9:30 moves into 9:40 and the moment has passed. The morning comes back in minutes, and I am, I’ll admit, a little underwhelmed. I am not changed. There has been no humbling. I haven’t felt an overwhelming connectedness. But as the crescent sun returns to a fuller shape and those around me hurry to leave I think of something Jay told me the first time we spoke.

“We have a saying about partial eclipses”, he said.

“95% is like kissing.

“Totality is like making love”.

He is 1,619 miles away in a frozen blue valley, just far enough back from the hills, and it is cold, bloody cold, even for a Canadian. He is one of 370 looking up at crystal clear skies and when the moon comes on, oh it’s exquisite, there’s no other word for it. Shadow bands flicker across the snow and it’s surreal standing there in the deep white of Svalbard, it’s surreal to be watching these thin wavy lines moving at your feet. It’s easy to get jaded after 20-odd eclipses, but when the temperature falls another six degrees to minus 16 and the corona sparkles like silver, well, he’ll be the first to admit it’s emotional. And he likes being beside these other folks, the South African that’s never seen snow, the newlyweds, the friends, the casual acquaintances, it all brings him back to 79’, his first time, and that bang when the corona spreads out. If he had to describe it he’d say it reminds him of old cowboy films, that moment when everybody’s drawing guns and blazing away, the showdown, the climax, and after the dust settles there’s always the same shouting and cheering going round, everybody hugging, kissing, grabbing hands and arms, and then there’s this silence and a small kind of sadness because that’s when you really understand the movie’s about to end.

Kate is looking down this fjord and there are mountains on either side and an awful lot of weather rolling in. The Faroe Islands are a stormy place in March, sitting between the Norwegian Sea and the North Atlantic Ocean, directly in the path of depressions moving east off the US coast. She is waiting in the village of Eidi on the northern tip of Eysturoy and three years of preparations haven’t stopped it from being cold, wet and miserable. Her group of 140 have travelled from all over the world to be here, but are currently drenched and tired in the village’s school with hundreds of the local community. Everyone is watching the weather and Kate knows some of them will be getting anxious, but she’s not. She has it on good authority that the worst of it will clear by 8:30am, and anyway, if these years of chasing have taught her anything it’s that you have to let life unfold sometimes; there’s beauty in that regardless of the outcome.

She knows this whole thing has been risky, but right on time the rain does stop and the wind, so strong and cold an hour before, passes. Six hundred people move out of the hall and stand outside in thick hats and coats. For the Faroe Islands, you might even describe it as pleasant. The moon’s umbra is heading for them but no one here will get to see first contact, the clouds are stubborn and stationary despite the many promises and prayers. So when totality arrives, when the sun’s photosphere is completely covered by the moon, they can’t exactly see it, but there is darkness on the ground and it really is very quiet and hushed, and Kate is so stunned that she feels incredibly grateful to be among the crowd. Later, when it’s over, the locals will tell her they believe in magical things and that the darkness felt the same. Sometimes a thick fog falls across the islands and when you’re on your own you can hear voices carried into it, strange ghostly voices in that thick white blanket, like someone’s there but never quite in your presence.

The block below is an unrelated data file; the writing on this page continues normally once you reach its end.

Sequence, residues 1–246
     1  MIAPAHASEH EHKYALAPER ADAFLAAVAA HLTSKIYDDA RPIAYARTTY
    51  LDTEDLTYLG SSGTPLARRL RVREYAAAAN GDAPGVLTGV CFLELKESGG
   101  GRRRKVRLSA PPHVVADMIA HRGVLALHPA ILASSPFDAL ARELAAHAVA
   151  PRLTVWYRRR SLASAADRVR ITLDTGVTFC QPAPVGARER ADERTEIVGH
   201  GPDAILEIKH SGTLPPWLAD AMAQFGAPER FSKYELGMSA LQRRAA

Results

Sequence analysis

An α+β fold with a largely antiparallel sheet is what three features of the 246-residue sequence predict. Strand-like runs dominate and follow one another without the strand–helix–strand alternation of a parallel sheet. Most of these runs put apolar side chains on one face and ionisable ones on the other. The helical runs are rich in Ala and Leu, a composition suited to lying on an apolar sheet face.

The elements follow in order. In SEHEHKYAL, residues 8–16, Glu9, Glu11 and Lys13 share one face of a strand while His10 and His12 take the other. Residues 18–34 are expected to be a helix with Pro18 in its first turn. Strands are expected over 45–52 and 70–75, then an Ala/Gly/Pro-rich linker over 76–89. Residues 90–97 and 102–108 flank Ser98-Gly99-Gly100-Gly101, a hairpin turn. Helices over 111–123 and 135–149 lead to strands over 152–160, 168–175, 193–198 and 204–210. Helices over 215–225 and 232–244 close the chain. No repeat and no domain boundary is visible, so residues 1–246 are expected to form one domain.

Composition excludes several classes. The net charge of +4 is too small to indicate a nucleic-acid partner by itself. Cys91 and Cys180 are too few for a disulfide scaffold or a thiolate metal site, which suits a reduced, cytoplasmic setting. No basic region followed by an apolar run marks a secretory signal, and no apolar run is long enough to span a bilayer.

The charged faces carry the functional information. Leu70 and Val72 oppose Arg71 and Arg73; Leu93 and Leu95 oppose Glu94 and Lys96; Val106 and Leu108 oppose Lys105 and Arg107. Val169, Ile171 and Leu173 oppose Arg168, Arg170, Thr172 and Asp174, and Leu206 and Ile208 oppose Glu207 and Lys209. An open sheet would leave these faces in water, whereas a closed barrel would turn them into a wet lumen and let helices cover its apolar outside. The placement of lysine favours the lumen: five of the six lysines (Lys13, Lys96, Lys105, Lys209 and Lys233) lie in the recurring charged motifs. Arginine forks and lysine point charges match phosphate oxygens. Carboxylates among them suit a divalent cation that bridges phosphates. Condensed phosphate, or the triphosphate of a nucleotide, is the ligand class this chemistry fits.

That evening, thousands gather in Tórshavn, the country’s capital to celebrate. Kate is there in the big mad crush and just before midnight the locals form a chain and everyone is holding hands beneath trees filled with electric light. A wailing female voice starts up a ballad and people move their feet to the national dance. She is snaking around making eye contact and seeing the whole crowd, and she feels so bonded to them. Even now, back in Belfast, she gets goosebumps just thinking about it. This is why she does what she does. These memories that say: you’re a human being and look at all the things that unite us. She will never forget them and everybody asks which has been her favourite, she has heard the question from reporters thousands of times, and the answer is always easy: all of them, every single one is beautiful and unique and she would no more choose between them than a parent would their children.

I’m on my way home, and I suppose this is the end. The train moves through bone wood forests and machine-churned fields, and from horizon to horizon I can see these low tight streams made shallow by stones and the shadows of fish running through them. The journey is long and I am reading something in the dark corners of the internet that puts everything I’ve seen or heard over the last few days into a bitter-sweet light.

They say there is a time coming when all this excitement will be gone, that the orbit of the moon is growing ever more distant and the sun is always swelling and brightening. Eventually the moon will appear too small to cover the sun and just before that moment, when the moon is near perigee and we are near aphelion, it will occur: final totality, the last total solar eclipse on earth.

It will be extremely short, maybe even a fraction of a second.

It will only be visible from a small patch of the equator.

You can put yourself there, 600 million, maybe 650 million, years from now.

Everything is different. You are alone. A runaway greenhouse effect and the return of the super-continent Pangaea have ended the reign of complex life on earth. You can’t breathe. The carbon accessible to the biosphere is gone and photosynthesis has shut down. The surface temperature averages 47 degrees C and there are no oceans, they have long since evaporated. There is only dust and red wind and the flicker of something silver on the horizon. It’s gone before you’re sure you‘ve even seen it. That old worn wedding band, shapeless and burning. Only a memory repeating. Finally melting back to ore.